Maybe it’s time to reexamine
Tax laws define reasonable compensation as the amount that would ordinarily be paid for like services by like enterprises under like circumstances.
Building a compensation plan into your business right from the start is a good idea. Depending on your business structure, there are many compensation options, including:
- Standard salary—simple, easy to manage
- Salary and dividends—a mix of both wages and dividends (dividends are usually taxed at a lower rate than wages)
- Stock or stock options
- Salary with bonus option—gives yourself leeway when the business might not have a good year financially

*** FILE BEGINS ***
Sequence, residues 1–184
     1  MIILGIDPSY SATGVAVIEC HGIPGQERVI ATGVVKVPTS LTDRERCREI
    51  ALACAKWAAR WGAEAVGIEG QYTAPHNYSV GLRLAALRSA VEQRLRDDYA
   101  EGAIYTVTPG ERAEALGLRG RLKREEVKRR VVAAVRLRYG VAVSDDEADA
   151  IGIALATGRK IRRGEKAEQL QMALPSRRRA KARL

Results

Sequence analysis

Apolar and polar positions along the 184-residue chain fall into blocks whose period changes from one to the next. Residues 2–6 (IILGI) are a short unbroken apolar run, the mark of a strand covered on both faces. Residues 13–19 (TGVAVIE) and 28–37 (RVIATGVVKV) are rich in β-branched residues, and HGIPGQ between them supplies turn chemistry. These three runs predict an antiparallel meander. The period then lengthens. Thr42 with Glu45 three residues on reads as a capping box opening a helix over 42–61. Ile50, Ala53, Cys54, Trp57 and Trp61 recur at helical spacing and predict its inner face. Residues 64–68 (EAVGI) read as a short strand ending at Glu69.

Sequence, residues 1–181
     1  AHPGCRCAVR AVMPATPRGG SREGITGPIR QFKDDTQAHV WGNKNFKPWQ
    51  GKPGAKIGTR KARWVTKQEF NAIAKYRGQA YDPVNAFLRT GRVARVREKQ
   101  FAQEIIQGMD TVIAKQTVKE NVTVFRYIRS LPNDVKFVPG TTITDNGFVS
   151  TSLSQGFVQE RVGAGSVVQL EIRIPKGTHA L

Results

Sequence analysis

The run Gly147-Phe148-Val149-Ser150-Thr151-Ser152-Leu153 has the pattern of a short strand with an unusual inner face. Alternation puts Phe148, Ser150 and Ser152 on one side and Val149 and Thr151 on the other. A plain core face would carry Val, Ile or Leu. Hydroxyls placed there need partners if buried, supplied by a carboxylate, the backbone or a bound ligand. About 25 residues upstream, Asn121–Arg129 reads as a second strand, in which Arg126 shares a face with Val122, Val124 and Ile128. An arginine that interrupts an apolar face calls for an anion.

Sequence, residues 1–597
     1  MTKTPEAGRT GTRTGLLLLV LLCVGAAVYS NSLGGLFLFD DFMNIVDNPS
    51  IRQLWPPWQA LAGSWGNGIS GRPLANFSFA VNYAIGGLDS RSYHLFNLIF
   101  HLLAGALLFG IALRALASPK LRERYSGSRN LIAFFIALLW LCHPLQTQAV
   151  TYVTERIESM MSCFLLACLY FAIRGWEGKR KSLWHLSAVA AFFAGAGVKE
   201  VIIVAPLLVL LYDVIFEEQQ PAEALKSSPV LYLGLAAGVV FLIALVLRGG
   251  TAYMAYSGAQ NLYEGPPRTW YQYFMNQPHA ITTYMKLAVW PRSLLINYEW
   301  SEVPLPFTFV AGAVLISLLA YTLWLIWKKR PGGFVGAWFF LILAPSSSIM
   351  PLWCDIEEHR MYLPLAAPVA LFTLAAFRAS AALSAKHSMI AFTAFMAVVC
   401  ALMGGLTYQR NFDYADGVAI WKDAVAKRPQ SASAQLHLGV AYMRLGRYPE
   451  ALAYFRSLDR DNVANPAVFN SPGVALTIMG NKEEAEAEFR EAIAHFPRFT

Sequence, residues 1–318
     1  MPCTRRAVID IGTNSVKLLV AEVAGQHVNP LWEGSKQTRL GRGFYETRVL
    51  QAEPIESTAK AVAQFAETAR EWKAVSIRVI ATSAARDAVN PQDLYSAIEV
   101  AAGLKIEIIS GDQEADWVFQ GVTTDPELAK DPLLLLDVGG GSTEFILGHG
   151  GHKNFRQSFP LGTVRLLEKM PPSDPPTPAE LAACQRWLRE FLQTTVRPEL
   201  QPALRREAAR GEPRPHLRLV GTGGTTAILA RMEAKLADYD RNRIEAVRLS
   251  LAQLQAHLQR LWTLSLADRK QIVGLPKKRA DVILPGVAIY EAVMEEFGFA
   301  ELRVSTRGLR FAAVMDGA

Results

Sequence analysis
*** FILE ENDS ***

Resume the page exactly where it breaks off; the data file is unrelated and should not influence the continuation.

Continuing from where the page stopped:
It’s important to have proper documentation and pay yourself an amount that aligns with the size of your business, the market and related profitability. By not doing so, you are asking for trouble from the IRS in terms of additional taxes, penalties and interest.
Reasonable compensation is also a hot topic of discussion because it comes into play for determining the new qualified business income (QBI) deduction. In general terms, the QBI deduction is limited to the lesser of 20% of qualified business income or 50% of the total W-2 wages paid by the business once taxable income exceeds threshold amounts. Rules are in place to deter high-income taxpayers from attempting to convert wages or other compensation for personal services into income eligible for the deduction.
The complexities surrounding this deduction can be challenging but we can work through the mechanics to make sure you receive maximum results.